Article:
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Detection of discordant isolates of drug resistant mycobacterium tuberculosis
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|Title:||Detection of discordant isolates of drug resistant mycobacterium tuberculosis|
|Authors:||Hoshide, Matt Kaneo|
|Issue Date:||May 2013|
|Publisher:||[Honolulu] : [University of Hawaii at Manoa], [May 2013]|
|Abstract:||Early diagnosis of mycobacterium tuberculosis is critical for proper treatment. With a regimen of rifampin and isoniazid, a patient with active tuberculosis can become non-infectious within 2 weeks (5). However, as resistance to these two drugs develops, second line antibiotic treatment must be used which lasts an extra 6 to 18 months and patients remain infectious for a longer period of time, which can further propagate the spread of mycobacterium tuberculosis (6).|
Testing for antibiotic resistance in M. tuberculosis is a lengthy process due to its long generation time. The WHO standard guideline for the drug susceptibility test of M. tuberculosis is inoculating the bacteria through dilution on Löwenstein Jensen agar with a set concentration of test antibiotic and incubating it at 37 degrees Celsius. Colonies are then counted on the 28th day and a proportion is calculated by comparing the colony count of the test medium to a control. If the proportion exceeds a critical proportion or if no colonies appear in the lowest drug concentration medium with the highest inoculum, the isolate is determined to be resistant or sensitive, respectively. However, if neither criteria are matched, the incubation must continue until the 40th day where the final results are read through the same process (7).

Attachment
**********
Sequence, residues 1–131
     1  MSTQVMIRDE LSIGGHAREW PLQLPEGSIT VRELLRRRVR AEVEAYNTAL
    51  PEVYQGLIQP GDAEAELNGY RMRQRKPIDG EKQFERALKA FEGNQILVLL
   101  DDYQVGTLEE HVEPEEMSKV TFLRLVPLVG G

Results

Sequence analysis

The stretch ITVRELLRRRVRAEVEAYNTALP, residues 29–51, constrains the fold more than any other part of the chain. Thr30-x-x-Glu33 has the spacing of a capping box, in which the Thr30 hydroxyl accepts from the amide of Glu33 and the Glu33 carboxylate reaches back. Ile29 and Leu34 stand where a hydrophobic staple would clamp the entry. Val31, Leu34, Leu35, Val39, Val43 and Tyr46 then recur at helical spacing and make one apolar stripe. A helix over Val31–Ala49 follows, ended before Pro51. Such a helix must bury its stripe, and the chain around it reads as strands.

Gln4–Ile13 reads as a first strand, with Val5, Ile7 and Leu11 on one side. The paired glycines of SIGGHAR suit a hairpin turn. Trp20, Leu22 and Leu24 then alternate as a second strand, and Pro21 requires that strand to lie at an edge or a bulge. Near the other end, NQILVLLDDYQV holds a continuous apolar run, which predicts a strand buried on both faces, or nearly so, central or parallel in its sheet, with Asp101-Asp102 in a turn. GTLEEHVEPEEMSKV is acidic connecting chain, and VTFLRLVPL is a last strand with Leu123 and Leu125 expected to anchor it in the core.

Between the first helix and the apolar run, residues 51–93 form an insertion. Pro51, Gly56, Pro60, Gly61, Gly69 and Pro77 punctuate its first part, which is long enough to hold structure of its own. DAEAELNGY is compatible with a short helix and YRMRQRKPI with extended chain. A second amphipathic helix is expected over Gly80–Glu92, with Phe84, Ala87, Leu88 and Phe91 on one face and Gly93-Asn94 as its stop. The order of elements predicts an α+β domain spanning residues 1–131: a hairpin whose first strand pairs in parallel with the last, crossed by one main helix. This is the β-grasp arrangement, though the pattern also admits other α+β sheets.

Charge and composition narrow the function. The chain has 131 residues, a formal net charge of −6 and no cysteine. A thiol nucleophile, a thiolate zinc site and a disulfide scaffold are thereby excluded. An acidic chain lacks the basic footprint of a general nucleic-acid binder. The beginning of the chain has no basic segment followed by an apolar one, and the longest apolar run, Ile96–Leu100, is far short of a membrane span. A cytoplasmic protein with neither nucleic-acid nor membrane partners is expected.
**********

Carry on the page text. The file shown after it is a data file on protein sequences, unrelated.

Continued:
The development of drug resistance strains in mycobacterium tuberculosis ultimately relies on exposure to the resistant drug because the presence of drug resistance mutations does not confer any selective advantage over strains lacking those mutations until exposure occurs (15). Within each geographical region, strains of M. tuberculosis may be under unique and various selective pressures to develop specific types of polymorphisms. Therefore, it can be hypothesized that there are genetic differences in the drug resistant strains of M. tuberculosis found in different regions and that the proportion of polymorphisms in genes associated with drug resistance will be different between geographic locations.
Study Objectives 1. To sequence the hot spot regions of nine genes (rpoB, inhA promoter, katG, ahpC promoter, gyrA, gyrB, rrs, eis promoter, and tlyA).
2. To identify discordant isolates through the comparison of drug susceptibility data and sequence data.
3. To further define the resistance patterns found in M. tuberculosis within and between different geographical regions represented by the widely dispersed study sites
|Description:||M.S. University of Hawaii at Manoa 2013.|
Includes bibliographical references.
|Appears in Collections:||M.S. - Microbiology|
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